Using an interactive format, workshops encourage participants
to explore their assumptions about causality, freedom, agency,
and the implications of naturalism. Workshops can be tailored
to last from 1.25 to 2.5 hours, including a 10-15 minute break.
Below is the outline of a recent workshop, "Encountering
Naturalism: From Self to Society," presented at the American
Humanist Association 2005 conference in Albuquerque. Please be
in touch if you're interested in scheduling a workshop for your
group or conference.
Encountering Naturalism: From Self to Society
Workshop presented at AHA Conference, May 7, 2005
About CFN and its mission – make naturalism known as a
Objective of workshop: to introduce a thorough-going naturalism
which extends the standard secular humanist critique of the supernatural
inwards as well as outwards; draw out the personal and social
Explore together our intuitions about human nature, human agency,
freedom, and choice.
See how a naturalistic view of ourselves based in science affects
Explore what might be the consequences of naturalism about the
Want to get your participation in working through the implications.
See what’s intuitive and counter-intuitive about a thorough-going
II. About naturalism
Naturalism as the basic operative worldview of most secular
humanists – the denial of supernatural.
Science as the naturalist’s epistemology, unites existence
into a single natural world.
History – Hume and other Enlightenment philosophers; rise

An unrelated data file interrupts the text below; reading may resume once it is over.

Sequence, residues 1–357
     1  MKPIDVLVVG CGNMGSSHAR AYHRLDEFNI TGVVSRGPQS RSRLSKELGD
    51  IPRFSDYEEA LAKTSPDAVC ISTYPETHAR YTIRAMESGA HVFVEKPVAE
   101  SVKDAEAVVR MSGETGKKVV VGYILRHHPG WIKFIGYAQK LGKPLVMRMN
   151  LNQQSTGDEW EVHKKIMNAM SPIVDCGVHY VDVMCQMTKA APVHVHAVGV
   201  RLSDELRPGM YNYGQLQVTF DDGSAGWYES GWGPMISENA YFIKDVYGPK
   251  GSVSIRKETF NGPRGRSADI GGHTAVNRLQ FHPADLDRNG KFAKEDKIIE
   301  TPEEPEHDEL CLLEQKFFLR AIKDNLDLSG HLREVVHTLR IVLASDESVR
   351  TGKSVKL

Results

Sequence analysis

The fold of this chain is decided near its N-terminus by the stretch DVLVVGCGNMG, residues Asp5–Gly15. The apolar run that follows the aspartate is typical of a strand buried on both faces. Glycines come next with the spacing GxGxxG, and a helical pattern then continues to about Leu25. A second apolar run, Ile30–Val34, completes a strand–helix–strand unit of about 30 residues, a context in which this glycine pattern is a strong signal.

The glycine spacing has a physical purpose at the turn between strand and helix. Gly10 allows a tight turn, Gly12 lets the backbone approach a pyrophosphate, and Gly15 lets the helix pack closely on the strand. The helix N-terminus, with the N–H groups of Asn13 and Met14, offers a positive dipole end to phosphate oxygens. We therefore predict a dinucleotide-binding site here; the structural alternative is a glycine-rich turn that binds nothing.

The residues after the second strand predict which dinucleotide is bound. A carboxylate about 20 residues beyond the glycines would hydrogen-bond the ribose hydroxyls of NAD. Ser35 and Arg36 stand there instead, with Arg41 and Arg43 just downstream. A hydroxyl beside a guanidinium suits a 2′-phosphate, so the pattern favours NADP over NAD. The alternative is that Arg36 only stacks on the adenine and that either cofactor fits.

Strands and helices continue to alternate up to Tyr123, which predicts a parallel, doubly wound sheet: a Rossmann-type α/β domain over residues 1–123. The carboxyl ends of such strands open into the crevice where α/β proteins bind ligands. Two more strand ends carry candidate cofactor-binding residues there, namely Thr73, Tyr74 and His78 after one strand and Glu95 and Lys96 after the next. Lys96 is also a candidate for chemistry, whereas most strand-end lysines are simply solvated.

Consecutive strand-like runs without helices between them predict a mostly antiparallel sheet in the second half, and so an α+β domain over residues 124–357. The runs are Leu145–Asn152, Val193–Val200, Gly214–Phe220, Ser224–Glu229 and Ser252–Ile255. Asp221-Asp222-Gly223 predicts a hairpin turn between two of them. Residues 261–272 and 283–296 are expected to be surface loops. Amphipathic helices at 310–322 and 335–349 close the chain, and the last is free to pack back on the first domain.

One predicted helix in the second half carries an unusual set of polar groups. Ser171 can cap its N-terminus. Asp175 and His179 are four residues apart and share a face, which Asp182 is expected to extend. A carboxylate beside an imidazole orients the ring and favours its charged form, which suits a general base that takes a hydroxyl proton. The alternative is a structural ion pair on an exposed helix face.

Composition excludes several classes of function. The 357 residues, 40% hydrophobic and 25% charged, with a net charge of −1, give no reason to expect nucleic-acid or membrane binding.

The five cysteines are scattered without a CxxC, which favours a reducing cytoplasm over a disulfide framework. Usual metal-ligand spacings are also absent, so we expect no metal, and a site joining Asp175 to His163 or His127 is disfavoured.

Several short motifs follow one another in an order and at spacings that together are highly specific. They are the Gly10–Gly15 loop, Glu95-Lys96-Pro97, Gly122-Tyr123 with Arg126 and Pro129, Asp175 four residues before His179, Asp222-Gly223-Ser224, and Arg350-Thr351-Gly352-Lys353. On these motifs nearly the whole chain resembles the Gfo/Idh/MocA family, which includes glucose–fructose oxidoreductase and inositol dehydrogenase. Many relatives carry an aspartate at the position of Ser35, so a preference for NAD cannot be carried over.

of science; not appealing to god in explanations; American naturalist
tradition - Dewey, Woodbridge, Santayana, Hook, Kurtz.
Current – naturalism as standard in academy, among humanists,
atheists, skeptics, etc., abjured by religious right, e.g., William
Dembski, Alvin Plantinga, Discovery Institute.
III. Human nature, self and freedom
Mental/physical distinction – how do we categorize the
mental vs. physical?
Experiment on thinking – the experience of mental counting.
Intuitions on Universe A (everything caused) vs. Universe B
(everything but human choosing caused).
Could have done otherwise (CHDO).
Intuitions on freedom and free will. Do we have free will? What
is it, precisely?
Intuitions on the self: who or what are we? – Descartes
IV. Choosing and deciding
The phenomenology of choice – introspection on choosing.
Comprehensive decision finder – schematic analysis of
The self as decision-maker.
V. Implications of an extended naturalism
Intuitions about the implications of challenging the soul and
Is an extended naturalism a “universal acid”?
Naturalistic responsibility: justifying credit and blame, reward
Criminal justice, addiction, social inequality.
Can humanists accept this extension of naturalism and its implications?
Many benefits if we do, but such acceptance may not be forthcoming
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